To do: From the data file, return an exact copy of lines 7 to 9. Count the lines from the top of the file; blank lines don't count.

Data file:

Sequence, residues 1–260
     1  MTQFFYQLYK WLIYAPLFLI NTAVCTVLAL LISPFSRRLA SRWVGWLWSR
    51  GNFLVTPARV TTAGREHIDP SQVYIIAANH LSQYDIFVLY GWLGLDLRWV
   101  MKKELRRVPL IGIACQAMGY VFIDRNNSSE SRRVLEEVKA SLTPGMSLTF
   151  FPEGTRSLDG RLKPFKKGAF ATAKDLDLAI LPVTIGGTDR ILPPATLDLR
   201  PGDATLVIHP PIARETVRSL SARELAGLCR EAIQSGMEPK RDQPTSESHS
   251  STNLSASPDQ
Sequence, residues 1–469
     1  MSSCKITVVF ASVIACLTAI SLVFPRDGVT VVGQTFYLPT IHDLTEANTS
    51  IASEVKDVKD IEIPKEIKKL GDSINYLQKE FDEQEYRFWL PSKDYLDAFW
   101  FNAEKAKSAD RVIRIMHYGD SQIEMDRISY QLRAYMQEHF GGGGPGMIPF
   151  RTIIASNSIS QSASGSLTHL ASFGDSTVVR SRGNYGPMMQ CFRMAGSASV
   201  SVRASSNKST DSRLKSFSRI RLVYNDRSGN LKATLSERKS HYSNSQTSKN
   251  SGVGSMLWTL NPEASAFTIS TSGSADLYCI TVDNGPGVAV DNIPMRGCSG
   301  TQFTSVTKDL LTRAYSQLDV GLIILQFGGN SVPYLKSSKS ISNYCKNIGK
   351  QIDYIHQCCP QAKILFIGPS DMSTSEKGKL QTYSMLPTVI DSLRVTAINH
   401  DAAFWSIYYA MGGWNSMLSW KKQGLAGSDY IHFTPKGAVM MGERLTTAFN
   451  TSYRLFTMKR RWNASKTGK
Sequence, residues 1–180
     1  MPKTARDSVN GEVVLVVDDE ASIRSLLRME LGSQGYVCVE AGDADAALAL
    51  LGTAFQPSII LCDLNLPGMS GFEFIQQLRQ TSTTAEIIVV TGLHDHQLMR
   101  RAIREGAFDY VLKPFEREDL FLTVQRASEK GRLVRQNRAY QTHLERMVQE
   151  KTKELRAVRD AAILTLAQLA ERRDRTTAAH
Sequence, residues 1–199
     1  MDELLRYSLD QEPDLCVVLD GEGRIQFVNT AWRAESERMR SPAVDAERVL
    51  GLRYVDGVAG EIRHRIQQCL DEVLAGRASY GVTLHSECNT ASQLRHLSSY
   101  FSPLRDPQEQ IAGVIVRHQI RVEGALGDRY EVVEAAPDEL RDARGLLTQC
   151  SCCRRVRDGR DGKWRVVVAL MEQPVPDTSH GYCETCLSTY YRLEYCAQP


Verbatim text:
   251  STNLSASPDQ
Sequence, residues 1–469
     1  MSSCKITVVF ASVIACLTAI SLVFPRDGVT VVGQTFYLPT IHDLTEANTS